Approximately 70% of the global burden of dengue disease occurs on the Asian continent, where many large urban centres provide optimal environments for sustained endemic transmission and periodic epidemic cycles. Jakarta, the capital of Indonesia, is a densely populated megacity with hyperendemic dengue transmission. Characterization of the spatiotemporal distribution of dengue transmission intensity is of key importance for optimal implementation of novel control and prevention programmes, including vaccination. In this paper we use mathematical models to provide the first detailed description of spatial and temporal variability in dengue transmission intensity in Jakarta.
While the absolute number of dengue case notifications cannot be relied upon as a measure of endemicity, the age-distribution of reported dengue cases provides valuable insights into the underlying nature of transmission. Our estimates from yearly and average annual case notification data represent the first detailed estimates of dengue transmission intensity in Jakarta's subdistricts. These will be important to consider when assessing the population-level impact and cost-effectiveness of potential control and prevention programmes in Jakarta province, such as the controlled release of Wolbachia-carrying mosquitoes and vaccination.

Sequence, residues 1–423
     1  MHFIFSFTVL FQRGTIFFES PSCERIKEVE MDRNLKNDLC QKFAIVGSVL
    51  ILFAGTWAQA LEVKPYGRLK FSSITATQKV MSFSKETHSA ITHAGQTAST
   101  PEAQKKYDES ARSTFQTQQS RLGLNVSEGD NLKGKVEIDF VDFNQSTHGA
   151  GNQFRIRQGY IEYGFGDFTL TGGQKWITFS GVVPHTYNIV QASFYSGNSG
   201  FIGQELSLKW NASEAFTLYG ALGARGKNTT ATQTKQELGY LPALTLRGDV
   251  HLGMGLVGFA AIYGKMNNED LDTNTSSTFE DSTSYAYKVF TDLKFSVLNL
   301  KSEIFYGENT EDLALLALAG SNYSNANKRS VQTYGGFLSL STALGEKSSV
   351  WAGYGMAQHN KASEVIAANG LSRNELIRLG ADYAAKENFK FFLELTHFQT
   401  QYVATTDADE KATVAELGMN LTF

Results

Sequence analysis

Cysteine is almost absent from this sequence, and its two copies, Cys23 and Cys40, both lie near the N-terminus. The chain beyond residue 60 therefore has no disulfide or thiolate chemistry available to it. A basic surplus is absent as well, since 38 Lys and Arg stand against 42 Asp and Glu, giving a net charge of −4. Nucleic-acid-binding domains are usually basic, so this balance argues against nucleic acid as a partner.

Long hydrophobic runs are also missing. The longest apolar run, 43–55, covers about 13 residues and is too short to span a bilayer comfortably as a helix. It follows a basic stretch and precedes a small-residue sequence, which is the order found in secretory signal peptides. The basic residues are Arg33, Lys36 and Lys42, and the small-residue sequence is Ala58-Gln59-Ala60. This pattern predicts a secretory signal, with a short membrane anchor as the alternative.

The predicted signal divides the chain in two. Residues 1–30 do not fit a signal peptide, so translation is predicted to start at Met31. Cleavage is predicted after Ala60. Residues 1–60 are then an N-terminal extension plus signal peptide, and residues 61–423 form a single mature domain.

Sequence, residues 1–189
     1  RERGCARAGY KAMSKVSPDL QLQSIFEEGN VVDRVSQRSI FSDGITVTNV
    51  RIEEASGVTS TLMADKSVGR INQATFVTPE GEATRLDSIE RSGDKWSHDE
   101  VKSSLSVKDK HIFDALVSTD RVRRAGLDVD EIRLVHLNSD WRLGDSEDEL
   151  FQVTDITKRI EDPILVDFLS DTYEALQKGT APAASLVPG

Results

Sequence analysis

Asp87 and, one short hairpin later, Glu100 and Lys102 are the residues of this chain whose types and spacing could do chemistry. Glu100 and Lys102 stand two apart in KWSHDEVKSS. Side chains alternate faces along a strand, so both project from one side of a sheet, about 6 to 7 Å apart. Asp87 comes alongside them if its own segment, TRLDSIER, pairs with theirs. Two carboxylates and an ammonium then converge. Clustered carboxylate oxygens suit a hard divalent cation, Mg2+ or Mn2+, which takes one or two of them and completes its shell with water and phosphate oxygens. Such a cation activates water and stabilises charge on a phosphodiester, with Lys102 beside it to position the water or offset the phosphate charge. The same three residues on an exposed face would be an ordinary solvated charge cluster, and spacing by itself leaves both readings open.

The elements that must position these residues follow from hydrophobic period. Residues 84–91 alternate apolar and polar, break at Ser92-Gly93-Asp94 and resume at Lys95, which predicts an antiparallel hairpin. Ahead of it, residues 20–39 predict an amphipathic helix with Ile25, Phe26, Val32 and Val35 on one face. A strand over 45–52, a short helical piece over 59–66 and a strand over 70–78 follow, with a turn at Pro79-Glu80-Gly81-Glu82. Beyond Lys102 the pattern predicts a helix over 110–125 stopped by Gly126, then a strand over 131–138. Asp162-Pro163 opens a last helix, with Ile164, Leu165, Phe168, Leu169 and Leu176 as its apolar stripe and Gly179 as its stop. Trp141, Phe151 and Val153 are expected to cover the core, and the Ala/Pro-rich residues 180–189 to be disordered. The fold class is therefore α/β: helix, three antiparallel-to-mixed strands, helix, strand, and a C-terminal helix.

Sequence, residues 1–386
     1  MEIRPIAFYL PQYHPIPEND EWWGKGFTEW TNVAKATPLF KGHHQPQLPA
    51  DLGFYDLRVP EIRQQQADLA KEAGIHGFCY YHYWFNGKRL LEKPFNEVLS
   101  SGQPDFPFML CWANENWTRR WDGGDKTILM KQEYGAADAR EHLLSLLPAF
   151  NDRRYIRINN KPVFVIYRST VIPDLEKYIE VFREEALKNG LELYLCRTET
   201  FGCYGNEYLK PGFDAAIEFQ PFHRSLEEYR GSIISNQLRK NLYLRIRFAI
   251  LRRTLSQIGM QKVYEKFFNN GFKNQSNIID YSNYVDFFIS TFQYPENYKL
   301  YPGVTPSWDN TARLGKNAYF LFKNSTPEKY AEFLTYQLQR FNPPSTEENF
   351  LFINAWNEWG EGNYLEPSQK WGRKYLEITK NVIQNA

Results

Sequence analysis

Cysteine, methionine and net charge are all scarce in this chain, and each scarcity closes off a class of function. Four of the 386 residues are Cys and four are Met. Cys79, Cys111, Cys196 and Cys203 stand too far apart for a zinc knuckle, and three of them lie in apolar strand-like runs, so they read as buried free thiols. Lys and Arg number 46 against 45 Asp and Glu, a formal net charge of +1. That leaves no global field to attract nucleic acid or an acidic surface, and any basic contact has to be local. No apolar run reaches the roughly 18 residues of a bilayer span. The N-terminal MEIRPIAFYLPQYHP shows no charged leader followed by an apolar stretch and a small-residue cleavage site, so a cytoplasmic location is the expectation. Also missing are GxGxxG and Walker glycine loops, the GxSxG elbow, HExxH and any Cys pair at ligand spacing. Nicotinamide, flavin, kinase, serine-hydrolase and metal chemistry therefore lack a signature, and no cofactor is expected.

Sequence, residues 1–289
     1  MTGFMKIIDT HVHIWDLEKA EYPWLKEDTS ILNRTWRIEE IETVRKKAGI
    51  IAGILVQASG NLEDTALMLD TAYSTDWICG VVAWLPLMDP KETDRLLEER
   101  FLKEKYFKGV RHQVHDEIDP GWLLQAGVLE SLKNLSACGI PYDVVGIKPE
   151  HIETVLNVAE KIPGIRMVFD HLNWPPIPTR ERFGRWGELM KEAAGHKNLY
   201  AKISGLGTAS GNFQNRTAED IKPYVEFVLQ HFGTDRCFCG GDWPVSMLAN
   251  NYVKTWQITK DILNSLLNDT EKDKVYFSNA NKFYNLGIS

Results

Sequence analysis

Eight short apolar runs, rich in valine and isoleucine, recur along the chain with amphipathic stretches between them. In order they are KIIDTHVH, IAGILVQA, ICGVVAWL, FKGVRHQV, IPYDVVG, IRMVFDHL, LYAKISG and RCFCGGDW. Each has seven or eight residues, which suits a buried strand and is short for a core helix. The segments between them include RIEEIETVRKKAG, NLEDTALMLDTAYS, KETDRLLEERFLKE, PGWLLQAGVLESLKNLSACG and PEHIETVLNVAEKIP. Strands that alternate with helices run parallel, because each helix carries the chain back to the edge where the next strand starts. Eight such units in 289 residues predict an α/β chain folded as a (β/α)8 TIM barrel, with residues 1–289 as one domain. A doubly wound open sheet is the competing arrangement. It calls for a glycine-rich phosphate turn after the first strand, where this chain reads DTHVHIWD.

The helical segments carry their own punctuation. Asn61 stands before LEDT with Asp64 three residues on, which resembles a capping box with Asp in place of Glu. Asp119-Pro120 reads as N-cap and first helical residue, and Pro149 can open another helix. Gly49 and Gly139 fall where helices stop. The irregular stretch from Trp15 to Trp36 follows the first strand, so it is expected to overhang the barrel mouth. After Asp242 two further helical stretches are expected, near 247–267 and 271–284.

We applied catalytic models in a Bayesian framework to age-stratified dengue case notification data to estimate dengue force of infection and reporting probabilities in 42 subdistricts of Jakarta. The model was fitted to yearly and average annual data covering a 10-year period between 2008 and 2017. We estimated a long-term average annual transmission intensity of 0.130 (95%CrI: 0.129-0.131) per year in Jakarta province, ranging from 0.090 (95%CrI: 0.077-0.103) to 0.164 (95%CrI: 0.153-0.174) across subdistricts. Annual average transmission intensity in Jakarta province during the 10-year period ranged from 0.012 (95%CrI: 0.011-0.013) in 2017 to 0.124 (95%CrI: 0.121-0.128) in 2016.